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As of May 31, the ASUS X79 Sabertooth motherboard was available at Newegg for $319.99. This board is also available at Amazon for $327.41 and Fry's Electronics for $314.99.

 

Conclusion

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We'd like to thank our friends at ASUS for providing the X79 Sabertooth motherboard for our review today. The X79 Sabertooth lives up to its "TUF" name in both looks and performance. The integrated UEFI BIOS gave us plenty of options for configuring everything on our system and did it with a user friendly interface. The board's support for quad GPU graphics configurations from both NVIDIA SLI and AMD CrossfireX is a huge plus and expected for high-end motherboards in this class. The X79 Sabertooth's bundled software was very stable and useful during testing and increased the overall value that consumers look for in all their PC hardware upgrades. Overall, the ASUS X79 Sabertooth has earned PC Perspective's Gold Award for original design, outstanding bundled software, and detailed overclocking features.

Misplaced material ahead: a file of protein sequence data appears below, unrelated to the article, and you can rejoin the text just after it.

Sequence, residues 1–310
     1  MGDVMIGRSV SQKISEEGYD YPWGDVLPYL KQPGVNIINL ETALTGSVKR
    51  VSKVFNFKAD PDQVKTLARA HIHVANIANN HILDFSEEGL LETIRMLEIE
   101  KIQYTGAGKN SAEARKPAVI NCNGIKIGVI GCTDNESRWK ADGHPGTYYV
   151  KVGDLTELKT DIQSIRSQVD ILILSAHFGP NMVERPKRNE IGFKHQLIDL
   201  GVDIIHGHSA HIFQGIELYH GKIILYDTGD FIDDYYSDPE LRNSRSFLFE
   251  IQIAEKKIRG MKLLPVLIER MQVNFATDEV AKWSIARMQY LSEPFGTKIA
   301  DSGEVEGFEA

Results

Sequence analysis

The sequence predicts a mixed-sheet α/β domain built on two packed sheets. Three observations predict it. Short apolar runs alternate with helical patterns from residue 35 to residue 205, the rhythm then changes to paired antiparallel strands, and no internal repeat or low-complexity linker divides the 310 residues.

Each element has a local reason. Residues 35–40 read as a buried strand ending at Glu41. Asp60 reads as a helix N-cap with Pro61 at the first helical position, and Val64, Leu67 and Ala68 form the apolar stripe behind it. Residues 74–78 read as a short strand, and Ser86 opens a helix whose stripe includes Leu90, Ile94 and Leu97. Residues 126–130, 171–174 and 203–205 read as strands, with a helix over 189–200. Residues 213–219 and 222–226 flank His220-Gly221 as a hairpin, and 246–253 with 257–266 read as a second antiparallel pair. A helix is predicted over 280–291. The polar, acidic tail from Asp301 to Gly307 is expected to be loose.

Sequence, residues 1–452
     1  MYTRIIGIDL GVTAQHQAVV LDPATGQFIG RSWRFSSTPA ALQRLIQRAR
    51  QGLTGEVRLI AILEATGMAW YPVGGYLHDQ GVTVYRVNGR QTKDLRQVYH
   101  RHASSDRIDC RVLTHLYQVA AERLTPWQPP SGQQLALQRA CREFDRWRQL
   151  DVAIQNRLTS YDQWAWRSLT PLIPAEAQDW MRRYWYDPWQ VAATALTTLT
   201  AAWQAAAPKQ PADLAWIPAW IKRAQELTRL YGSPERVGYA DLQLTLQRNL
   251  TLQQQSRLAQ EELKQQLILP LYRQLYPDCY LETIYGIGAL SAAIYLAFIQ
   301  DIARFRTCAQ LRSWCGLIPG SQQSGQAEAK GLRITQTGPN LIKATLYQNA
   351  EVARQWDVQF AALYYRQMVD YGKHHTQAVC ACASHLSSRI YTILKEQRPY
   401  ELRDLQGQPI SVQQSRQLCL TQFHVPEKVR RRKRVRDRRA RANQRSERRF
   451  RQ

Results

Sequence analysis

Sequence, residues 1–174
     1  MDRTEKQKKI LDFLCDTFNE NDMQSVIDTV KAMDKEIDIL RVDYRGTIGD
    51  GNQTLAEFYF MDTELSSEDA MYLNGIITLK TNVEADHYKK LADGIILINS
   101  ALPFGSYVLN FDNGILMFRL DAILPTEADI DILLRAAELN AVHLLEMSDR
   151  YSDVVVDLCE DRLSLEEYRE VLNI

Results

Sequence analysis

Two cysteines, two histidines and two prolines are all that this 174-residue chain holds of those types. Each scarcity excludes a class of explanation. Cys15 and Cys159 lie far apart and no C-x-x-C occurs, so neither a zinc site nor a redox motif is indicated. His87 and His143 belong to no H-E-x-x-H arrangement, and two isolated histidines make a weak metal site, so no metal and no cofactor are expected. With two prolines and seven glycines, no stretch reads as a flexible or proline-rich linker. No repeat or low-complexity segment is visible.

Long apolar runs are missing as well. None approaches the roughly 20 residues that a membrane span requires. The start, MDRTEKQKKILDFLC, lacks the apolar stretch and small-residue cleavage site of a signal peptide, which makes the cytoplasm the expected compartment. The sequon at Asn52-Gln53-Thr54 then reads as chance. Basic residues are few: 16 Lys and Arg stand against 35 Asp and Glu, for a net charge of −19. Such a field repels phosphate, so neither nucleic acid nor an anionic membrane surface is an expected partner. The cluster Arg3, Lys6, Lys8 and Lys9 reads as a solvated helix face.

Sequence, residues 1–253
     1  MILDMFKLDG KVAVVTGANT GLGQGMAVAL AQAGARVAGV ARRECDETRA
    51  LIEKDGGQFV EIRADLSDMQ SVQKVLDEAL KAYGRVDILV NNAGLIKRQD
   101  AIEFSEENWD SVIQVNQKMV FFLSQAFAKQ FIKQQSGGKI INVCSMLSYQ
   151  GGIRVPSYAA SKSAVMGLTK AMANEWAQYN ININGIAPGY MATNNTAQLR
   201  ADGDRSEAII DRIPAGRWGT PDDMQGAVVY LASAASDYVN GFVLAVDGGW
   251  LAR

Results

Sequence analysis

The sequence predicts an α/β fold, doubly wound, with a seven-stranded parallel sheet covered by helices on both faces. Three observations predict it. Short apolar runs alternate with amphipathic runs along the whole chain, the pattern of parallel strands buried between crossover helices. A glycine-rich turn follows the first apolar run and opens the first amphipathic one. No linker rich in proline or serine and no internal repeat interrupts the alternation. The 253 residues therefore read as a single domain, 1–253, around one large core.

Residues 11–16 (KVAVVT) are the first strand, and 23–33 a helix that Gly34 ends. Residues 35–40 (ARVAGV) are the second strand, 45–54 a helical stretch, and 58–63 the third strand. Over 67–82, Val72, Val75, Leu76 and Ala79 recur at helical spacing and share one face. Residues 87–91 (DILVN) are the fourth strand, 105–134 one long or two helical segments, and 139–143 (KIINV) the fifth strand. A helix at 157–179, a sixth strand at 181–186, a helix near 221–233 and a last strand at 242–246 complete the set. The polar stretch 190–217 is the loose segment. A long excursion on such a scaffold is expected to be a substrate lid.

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Strengths

  • Excellent overclocking motherboard
  • User friendly UEFI BIOS
  • SLI/CrossfireX Quad GPU support
  • Great bundled software and accessories

Weaknesses

  • Power usage was a few watts higher than counterparts during testing
June 5, 2012 | 09:29 AM - Posted by Olternaut (not verified)

I think I like the p9x79 deluxe better. The i/o ports on the sabertooth version is too limited for me.

June 5, 2012 | 09:36 AM - Posted by deowll (not verified)

Looks like this was written by the company rather than being a review but it was interesting.

June 5, 2012 | 10:28 AM - Posted by Tim Verry

did you read the whole thing? ;)

June 5, 2012 | 10:30 AM - Posted by mc (not verified)